As the baseball season creeps up on us, it is time for another five-part season preview, which will take us all the way up to February 15th when the Bruins take on Minnesota at Jackie Robinson Stadium. To get ready, we started with a general 2012 review and 2013 preview in Part 1. Part 2 took a look at the pitchers and Part 3 is about the position players. Part 4 will preview the Pac-12 and Part 5 will be a look at the country and where UCLA fits in the national scene.
Once again, UCLA enters a baseball season with questions about their offense. It seems to be an annual question in Westwood, as much because of their dominance on the mound as their struggles at the plate, but this season the worries about the Bruins' offense are legitimate.
For three years, Jeff Galalich, Beau Amaral and Cody Keefer patrolled the UCLA outfield and populated the top and middle of the Bruins' lineup. Then last season, Trevor Brown led the Bruins in RBI, while Tyler Heineman emerged as an on-base machine and sturdy catcher. The quintet of juniors were the heart of the UCLA offense, but now all five are gone, leaving a gaping hole in the Bruins' offense and defense.
Despite losing so much of their offensive production from last season, the Bruins are not without experience. The Bruins' entire starting infield played at least 30 games a year ago and are a talented, bunch, surrounded by more, if less tested talent.
The question for UCLA will be whether or not their position players can step into new roles, with new pressure, and perform. That isn't limited to their play at the plate either. There are major holes they need to fill defensively and the best way to sabotage an outstanding pitching staff is with shoddy defense.
Those questions apply to Shane Zeile more than any other Bruin. A utility infielder a year ago, and an adept one at that, Zeile is moving behind the plate to replace Heineman this season. He obviously has the bloodlines to catch -- his uncle was former MLB catcher Todd Zeile -- but doing so at the college level will be new to him and John Savage asks more of his catchers than most, so the already difficult and important position comes with even more responsibility for Zeile. To top it all off, he had a labrum injury in the fall, which shouldn't be a problem this season now that it has healed, but it took away so valuable reps during fall practice.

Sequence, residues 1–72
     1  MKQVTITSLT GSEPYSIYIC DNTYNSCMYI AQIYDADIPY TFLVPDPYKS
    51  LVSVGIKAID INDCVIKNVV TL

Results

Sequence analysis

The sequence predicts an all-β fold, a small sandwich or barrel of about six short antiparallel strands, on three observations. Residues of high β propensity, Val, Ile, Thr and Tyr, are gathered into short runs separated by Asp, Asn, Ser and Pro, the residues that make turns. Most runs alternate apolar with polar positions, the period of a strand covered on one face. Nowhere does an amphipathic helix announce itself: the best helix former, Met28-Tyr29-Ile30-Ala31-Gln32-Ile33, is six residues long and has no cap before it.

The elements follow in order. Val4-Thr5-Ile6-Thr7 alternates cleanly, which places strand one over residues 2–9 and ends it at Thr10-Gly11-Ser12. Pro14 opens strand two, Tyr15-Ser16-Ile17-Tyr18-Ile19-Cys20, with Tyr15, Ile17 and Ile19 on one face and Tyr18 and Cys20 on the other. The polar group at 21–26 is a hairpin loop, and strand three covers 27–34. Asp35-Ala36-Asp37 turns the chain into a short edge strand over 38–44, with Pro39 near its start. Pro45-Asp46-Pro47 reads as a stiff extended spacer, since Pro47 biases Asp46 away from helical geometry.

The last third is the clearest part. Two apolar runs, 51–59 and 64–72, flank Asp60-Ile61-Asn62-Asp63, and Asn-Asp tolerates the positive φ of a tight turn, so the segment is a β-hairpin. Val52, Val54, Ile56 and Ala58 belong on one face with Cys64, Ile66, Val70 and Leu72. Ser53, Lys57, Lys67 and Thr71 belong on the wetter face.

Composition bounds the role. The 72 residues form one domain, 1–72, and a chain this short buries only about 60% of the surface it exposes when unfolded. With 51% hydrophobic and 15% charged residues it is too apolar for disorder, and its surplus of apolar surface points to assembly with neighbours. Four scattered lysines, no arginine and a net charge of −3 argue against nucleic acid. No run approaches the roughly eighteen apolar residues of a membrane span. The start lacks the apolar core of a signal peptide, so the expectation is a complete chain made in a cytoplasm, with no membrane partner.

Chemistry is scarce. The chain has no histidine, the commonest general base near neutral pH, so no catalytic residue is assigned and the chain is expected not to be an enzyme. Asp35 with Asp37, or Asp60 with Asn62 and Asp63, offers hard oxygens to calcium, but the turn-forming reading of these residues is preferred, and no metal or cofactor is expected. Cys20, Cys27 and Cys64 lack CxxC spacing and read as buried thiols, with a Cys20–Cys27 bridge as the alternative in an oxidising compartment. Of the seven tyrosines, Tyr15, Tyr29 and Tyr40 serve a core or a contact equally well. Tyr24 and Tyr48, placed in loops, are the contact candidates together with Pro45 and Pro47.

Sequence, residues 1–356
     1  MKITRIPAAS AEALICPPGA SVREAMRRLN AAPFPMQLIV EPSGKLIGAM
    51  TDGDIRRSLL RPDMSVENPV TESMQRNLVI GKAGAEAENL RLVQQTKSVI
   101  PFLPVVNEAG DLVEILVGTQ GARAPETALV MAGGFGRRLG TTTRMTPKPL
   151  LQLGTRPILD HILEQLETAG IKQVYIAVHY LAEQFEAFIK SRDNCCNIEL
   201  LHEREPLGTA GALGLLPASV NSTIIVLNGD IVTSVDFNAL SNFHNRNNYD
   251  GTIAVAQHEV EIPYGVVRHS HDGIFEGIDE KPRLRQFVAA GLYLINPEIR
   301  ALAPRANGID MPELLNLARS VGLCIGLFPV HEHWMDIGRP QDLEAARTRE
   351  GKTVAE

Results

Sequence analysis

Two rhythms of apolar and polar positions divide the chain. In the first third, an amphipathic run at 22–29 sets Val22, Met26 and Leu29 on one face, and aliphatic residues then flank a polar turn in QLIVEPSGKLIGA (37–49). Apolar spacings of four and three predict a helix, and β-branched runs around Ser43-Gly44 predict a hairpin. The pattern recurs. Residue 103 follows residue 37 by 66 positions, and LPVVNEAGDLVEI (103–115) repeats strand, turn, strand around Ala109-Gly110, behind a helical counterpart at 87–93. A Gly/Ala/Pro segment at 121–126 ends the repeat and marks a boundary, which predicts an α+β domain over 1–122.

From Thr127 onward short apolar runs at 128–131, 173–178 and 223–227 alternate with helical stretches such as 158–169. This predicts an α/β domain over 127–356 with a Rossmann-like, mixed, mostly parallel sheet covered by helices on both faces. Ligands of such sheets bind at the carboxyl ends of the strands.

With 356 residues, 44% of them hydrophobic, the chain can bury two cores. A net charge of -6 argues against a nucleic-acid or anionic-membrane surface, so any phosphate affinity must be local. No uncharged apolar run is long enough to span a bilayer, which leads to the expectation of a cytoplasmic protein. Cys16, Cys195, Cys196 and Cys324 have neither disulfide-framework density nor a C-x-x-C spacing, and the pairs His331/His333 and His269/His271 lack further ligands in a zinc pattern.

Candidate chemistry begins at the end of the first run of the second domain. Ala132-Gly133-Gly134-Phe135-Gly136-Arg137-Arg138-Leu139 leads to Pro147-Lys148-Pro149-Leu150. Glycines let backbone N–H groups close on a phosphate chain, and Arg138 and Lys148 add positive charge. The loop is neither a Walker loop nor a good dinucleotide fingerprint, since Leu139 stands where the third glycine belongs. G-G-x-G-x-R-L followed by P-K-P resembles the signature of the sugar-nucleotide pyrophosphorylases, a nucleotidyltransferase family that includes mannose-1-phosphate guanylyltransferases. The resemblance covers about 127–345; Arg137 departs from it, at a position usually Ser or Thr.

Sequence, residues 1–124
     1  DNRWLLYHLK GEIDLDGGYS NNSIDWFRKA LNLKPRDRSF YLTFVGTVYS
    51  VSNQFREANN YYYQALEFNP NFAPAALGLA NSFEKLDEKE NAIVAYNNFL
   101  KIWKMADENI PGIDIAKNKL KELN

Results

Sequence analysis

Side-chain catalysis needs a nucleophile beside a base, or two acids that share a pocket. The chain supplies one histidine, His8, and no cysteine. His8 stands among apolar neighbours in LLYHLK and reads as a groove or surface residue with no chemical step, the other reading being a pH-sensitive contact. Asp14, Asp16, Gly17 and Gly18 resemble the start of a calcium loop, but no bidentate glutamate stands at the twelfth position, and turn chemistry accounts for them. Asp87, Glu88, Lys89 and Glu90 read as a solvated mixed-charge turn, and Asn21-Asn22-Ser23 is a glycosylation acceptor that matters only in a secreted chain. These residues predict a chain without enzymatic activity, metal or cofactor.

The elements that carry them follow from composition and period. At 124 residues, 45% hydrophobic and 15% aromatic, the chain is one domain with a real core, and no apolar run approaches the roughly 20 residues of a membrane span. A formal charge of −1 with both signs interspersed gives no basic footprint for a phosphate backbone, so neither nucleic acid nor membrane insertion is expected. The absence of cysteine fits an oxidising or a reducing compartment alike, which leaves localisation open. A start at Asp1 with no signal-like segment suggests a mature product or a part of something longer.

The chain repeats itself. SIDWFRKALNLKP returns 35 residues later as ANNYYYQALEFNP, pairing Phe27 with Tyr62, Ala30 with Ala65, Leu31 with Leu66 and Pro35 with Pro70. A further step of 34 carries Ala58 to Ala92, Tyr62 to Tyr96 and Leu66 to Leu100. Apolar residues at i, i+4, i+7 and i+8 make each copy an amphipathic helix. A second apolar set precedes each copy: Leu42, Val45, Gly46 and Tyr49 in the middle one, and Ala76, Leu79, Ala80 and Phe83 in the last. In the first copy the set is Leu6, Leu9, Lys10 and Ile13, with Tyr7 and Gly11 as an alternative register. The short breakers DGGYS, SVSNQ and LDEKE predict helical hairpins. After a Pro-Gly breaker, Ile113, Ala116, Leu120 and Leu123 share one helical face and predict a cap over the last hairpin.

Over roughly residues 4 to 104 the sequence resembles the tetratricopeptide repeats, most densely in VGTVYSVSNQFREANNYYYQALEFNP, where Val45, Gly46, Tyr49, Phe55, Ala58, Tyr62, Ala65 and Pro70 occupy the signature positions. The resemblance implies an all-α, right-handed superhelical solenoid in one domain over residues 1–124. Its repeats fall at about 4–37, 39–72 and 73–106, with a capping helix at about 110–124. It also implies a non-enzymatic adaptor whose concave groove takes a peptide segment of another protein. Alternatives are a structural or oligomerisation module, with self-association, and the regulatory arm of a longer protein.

Zeile will also be in the spotlight offensively, where he can be the Bruins' difference maker. He hit .371 as a freshman in 2012 to go along with a .480 on-base percentage, and he has some untapped power to be a major run producer. If he can add power to his sterling freshman season at the plate, Zeile can be the linchpin to the UCLA offense as well as a key cog defensively.
The biggest question for UCLA might be at first base, though, where once freshman wonder and now senior Cody Regis will try to rebound after a rough 2012 season. Regis hit just .239 with only one home run and 25 RBI last year, a far cry from his freshman season when he hit .312 with nine home runs and 47 RBI, albeit with the old bats. Regis is clearly capable of leading an offense and can be the feared bat in the middle of the UCLA offense, something the Bruins will need from their senior leader. Whether he does might determine how good this UCLA team does.
Junior Kevin Williams will man second base, where he was all of last year after splitting time his freshman season. The left-handed hitter has more pop than his two home runs and six doubles from last year would indicate, so if he can show that, to go along with his .302 average, the Bruins will have a bonafide threat near the top of the order to go along with an already excellent fielding second baseman.
Teaming with Williams up the middle will be fellow junior Pat Valaika, a two-year starter and captain of the Bruins' infield. Valaika doesn't have incredible range at shortstop, but he has quick feet around the bag, a strong arm and is very, very dependable. Valaika also has a little power, tallying 11 doubles and four triples last season, as well as a home run. The key for him will be getting on base more often because he should be better than .266 with a .319 on-base percentage.